Being an SSH Client


You want to securely send data or commands back and forth between your computer, and another computer on which you have a shell account.


Use the Net::SSH module, which implements the SSH2 protocol. Its found in the net-ssh gem, although some operating systems package it themselves.[2] It lets you implement Ruby applications that work like the familiar ssh and scp.

[2] For instance, its available on Debian GNU/Linux as the package libnet-ssh-ruby1.8.

You can start an SSH session by passing a hostname to Net::SSH::start, along with your shell username and password on that host. If you have an SSH public/private key pair set up between your computer and the remote host, you can omit the username and password:

Net::SSH.start(, :username=>leonardr,
	 :password=>mypass) do |session|
	 # Manipulate your Net::SSH::Session object here…

Net::SSH::start takes a code block, to which it passes a Net::SSH::Session object. You use the session object to send encrypted data between the machines, or to spawn processes on the remote machine. When the code block ends, the SSH session is automatically terminated.


It seems strange now, but until the late 1990s, people routinely used unsecured protocols like telnet to get shell access to remote machines. Remote access was so useful that we were willing to jeopardize our electronic safety by sending our shell passwords (not to mention all the data we looked at) unencrypted across the network. Fortunately, we don have to make that trade-off anymore. The SSH protocol makes it easy to send encrypted traffic between machines, and the client tools ssh and scp have almost completely replaced tools like RSH and nonanonymous FTP.

The Net::SSH library provides a low-level interface to the SSH2 protocol, but most of the time you won need it. Instead, youll use one of the abstractions that make it easy to spawn and control processes on a remote machine. The simplest abstraction is the popen3 method, which works like the local popen3 method in Rubys open3 library. Its covered in more detail in Recipe 20.10, but heres a simple example:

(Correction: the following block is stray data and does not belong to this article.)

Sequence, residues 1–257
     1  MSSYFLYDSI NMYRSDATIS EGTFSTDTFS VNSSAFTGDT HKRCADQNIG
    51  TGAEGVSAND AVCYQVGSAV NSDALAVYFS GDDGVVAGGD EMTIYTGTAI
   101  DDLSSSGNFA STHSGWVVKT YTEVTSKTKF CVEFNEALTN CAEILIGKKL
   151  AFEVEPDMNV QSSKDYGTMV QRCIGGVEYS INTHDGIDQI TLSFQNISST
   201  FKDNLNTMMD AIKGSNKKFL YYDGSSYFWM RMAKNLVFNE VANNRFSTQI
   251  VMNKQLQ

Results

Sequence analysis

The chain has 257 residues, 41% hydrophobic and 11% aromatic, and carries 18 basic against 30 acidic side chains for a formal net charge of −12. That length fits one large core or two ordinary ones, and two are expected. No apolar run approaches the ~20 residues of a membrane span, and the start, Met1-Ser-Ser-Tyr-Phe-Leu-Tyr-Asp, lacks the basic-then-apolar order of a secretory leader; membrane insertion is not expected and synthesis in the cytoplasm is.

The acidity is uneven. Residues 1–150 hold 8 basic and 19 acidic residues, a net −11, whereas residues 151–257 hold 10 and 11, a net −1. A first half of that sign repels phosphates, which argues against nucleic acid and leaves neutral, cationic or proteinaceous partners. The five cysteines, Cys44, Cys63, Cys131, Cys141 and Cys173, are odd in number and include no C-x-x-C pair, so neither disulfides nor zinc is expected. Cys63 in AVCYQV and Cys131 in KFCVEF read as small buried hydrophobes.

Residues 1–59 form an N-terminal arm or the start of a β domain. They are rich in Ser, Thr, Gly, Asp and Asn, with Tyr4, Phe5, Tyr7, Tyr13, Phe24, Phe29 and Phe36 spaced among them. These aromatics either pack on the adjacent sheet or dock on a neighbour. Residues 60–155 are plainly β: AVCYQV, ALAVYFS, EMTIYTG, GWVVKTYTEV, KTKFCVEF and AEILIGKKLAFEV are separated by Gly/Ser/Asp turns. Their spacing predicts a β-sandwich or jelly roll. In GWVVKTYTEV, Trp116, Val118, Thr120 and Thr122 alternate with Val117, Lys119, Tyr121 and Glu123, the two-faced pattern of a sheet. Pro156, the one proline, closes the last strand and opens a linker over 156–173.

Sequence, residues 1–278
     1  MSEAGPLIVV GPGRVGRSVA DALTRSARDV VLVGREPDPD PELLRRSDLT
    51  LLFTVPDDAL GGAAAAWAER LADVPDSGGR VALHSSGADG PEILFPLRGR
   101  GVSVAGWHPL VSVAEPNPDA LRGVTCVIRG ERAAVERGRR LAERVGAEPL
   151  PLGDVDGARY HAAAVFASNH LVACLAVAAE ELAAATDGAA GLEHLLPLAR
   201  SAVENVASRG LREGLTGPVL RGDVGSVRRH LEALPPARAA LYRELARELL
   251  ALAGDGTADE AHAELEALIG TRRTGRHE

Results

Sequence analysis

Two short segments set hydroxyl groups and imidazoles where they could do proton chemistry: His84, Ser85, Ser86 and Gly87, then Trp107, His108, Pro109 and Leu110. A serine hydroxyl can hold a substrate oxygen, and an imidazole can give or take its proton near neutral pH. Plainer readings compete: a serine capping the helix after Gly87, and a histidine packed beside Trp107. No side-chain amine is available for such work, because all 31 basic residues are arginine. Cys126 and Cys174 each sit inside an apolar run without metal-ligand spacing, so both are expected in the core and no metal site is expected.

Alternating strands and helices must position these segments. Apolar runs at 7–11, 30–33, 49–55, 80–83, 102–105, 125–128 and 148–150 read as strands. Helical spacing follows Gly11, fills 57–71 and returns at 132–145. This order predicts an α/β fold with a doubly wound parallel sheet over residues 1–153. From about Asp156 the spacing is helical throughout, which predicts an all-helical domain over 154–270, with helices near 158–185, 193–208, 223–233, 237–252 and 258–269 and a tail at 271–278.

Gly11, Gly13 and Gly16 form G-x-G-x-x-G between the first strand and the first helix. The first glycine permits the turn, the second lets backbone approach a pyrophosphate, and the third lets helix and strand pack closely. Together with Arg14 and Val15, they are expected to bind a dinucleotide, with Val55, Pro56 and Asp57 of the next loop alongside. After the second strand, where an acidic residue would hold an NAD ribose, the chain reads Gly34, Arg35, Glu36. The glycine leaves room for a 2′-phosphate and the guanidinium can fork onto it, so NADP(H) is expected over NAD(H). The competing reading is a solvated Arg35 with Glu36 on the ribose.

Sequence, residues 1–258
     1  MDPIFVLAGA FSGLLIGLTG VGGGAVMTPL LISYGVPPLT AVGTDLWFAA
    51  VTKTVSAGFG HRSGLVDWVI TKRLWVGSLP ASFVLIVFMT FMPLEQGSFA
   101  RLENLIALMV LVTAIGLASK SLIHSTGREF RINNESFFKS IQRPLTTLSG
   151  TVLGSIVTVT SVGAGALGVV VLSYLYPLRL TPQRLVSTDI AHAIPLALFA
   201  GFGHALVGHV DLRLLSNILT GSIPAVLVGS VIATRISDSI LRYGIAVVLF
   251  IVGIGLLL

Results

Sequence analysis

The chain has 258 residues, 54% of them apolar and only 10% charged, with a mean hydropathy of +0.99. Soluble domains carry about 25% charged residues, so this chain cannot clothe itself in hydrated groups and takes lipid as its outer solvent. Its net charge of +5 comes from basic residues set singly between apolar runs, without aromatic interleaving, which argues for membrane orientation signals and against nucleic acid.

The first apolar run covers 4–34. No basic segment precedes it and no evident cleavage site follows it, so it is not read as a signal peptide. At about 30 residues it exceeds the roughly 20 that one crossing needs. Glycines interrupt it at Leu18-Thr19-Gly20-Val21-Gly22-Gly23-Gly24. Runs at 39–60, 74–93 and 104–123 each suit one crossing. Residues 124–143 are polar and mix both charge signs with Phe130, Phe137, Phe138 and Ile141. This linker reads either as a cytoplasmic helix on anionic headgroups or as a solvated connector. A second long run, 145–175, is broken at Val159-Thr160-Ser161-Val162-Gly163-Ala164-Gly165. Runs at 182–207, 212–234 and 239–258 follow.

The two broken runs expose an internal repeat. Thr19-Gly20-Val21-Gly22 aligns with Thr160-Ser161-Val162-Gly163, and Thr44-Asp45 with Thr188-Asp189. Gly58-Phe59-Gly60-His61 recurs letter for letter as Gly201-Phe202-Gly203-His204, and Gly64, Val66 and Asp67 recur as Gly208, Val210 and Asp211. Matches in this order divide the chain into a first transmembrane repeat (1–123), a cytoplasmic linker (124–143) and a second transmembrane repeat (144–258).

Net::SSH.start(, :username=>leonardr,
	 :password=>mypass) do |session|
	 cmd = ls -l /home/leonardr/test_dir
	 session.process.popen3(cmd) do |stdin, stdout, stderr|
	# -rw-rw-r-- 1 leonardr leonardr 33 Dec 29 20:40 file1
	# -rw-rw-r-- 1 leonardr leonardr 102 Dec 29 20:40 file2

You can run a sequence of commands in a single user shell by calling

	Net::SSH.start(, :username=>leonardr,
	 :password=>mypass) do |session|
	 shell =
	 puts "Original working directory: #{shell.pwd.stdout}" 	est_dir
	 puts "Working directory now: #{shell.pwd.stdout}"
	 puts Directory contents:
	# Original working directory: /home/leonardr
	# Working directory now: /home/leonardr/test_dir
	# Directory contents:
	# -rw-rw-r--1 leonardr leonardr 33 Dec 29 20:40 file1
	# -rw-rw-r--1 leonardr leonardr 102 Dec 29 20:40 file2

The main downside of a synchronized shell is that you usually can pass standard input data into the commands you run. Theres no way to close the standard input stream, so the process will hang forever waiting for more standard input.[3] To pass standard input into a remote process, you should use popen3. With a little trickery, you can control multiple processes simultaneously through your SSH connection; see Recipe 14.11 for details.

[3] The exception is a command like bc, which terminates itself if it sees the line "quit " in its standard input. Commands like cat always look for more standard input.

If your public/private key pair for a host is protected by a passphrase, you will be prompted for the passphrase Net::SSH tries to make a connection to that host. This makes your key more secure, but it will foil your plans to use Net::SSH in an automated script.

You can also use Net::SSH to do TCP/IP port forwarding. As of this writing, you can use it to do X11 forwarding.

See Also

  • Recipe 20.10, "Controlling a Process on Another Machine," covers Net:SSHs implementation of popen3 in more detail. Recipe 14.11 shows how to implement an scp-like service on top of the Net:SSH API, but these three recipes together only scratch the surface of whats possible with Net:SSH. The library manual ( is comprehensive and easy to read; it covers many topics not touched upon here, like low-level SSH2 operations, callback methods other than on_success, port forwarding, and nonsynchonized user shells
  • Recipe 14.2, "Making an HTTPS Web Request," has information on installing the OpenSSL extension
  • Learn more about public/private keys in the article "OpenSSH key management, Part 1" (



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